On December 22, 1997, about 1745 eastern standard time, a homebuilt Lutz Michael A. EAA Biplane P-2, N913AM, collided with the ground shortly after takeoff from Wellington Aero Club Airport, Wellington, Florida. The airplane was operated by the owner/pilot under the provisions of Title 14 CFR Part 91, and visual flight rules. Visual meteorological conditions prevailed, and no flight plan was filed for the local flight. The airline transport pilot sustained fatal injuries, and the airplane was destroyed. The flight originated from the same airport at 1715. Use your browsers 'back' function to return to synopsisReturn to Query Page
According to a witness, the airplane took off and flew in the pattern one time. On the second takeoff, the airplane reached an altitude of approximately 200-300 feet where the engine began to sputter. The witness stated the airplane then made an aggressive left turn back towards the runway during which the engine surged briefly. The airplane then disappeared from view, but the witness did hear the engine for 3 to 5 more seconds before it stopped abruptly.
Another witness stated the airplane made a 180 degree turn back towards the runway before it spun into the ground.
According to a pilot who had flown the airplane the day before the accident, the airplane had experienced carburetor icing . Upon adding carburetor heat, the engine sputtered and quit. The pilot was able to restart the engine and land safely. Upon landing, he replaced the air filter, jump started the battery, and adjusted the carburetor heat cable. According to the pilot, the airplane then performed fine. The pilot also stated he flew the airplane for 35 to 40 minutes the day prior, and the airplane was flown 35 minutes on the day of the accident. The pilot believed the airplane held 22 1/2 gallons of fuel. The front fuel tank held 14 1/2 gallons, and the rear tank holds 8 gallons. He estimated the fuel consumption was 8-9 gallons per hour.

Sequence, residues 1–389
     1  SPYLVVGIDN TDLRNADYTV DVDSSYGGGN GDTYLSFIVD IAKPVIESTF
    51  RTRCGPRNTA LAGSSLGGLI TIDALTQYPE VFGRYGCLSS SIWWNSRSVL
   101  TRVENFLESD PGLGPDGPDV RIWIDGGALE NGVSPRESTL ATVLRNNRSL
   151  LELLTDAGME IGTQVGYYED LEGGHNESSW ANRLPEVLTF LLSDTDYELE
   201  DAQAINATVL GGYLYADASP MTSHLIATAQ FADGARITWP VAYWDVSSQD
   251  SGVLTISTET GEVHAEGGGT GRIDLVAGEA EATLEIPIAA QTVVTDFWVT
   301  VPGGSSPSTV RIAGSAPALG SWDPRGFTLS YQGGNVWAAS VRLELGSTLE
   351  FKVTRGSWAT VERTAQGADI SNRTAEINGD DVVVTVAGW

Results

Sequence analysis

The pilot of the accident flight was an airline transport pilot with an airplane multiengine land rating. He was also a private pilot with a single engine land rating. The pilot in command had type ratings in the Boeing 757, Boeing 767, and McDonnell Douglas MD-11. His last medical certificate, a first class, was issued June 18, 1997. A witness stated he did not believe the first pilot was comfortable or confident in the airplane.
The airplane was purchased by the pilot on December 4, 1997. The last engine inspection, an annual, was completed November 29, 1997. The airframe also had an annual inspection on that day. No discrepancies were noted during either inspection.
The FAA inspector stated that during the on-scene examination it was noted that the fuel selector was set to the three o'clock stop, which was the front fuel tank setting. The fuel lines were then checked, and it was determined that there was no fuel in the line from the front fuel tank to the engine. There was fuel in the line from the rear fuel tank to the engine.
A post mortem examination of the pilot was completed by the Palm Beach Medical Examiner's Office on December 23, 1997. A copy was requested, but it was not received at the time of this report. A toxicological examination was completed by the Palm Beach County Sheriff's Office Crime Laboratory. The results were negative for alcohol and drugs. Although a toxicology report by the FAA was requested, the samples were never sent to the FAA Toxicology Laboratory.